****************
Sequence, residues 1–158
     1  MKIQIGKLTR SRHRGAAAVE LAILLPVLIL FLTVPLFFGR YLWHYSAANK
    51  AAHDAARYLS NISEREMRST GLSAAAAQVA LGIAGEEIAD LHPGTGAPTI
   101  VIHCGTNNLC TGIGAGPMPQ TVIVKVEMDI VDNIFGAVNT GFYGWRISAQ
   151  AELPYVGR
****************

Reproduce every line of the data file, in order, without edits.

Sequence, residues 1–158
     1  MKIQIGKLTR SRHRGAAAVE LAILLPVLIL FLTVPLFFGR YLWHYSAANK
    51  AAHDAARYLS NISEREMRST GLSAAAAQVA LGIAGEEIAD LHPGTGAPTI
   101  VIHCGTNNLC TGIGAGPMPQ TVIVKVEMDI VDNIFGAVNT GFYGWRISAQ
   151  AELPYVGR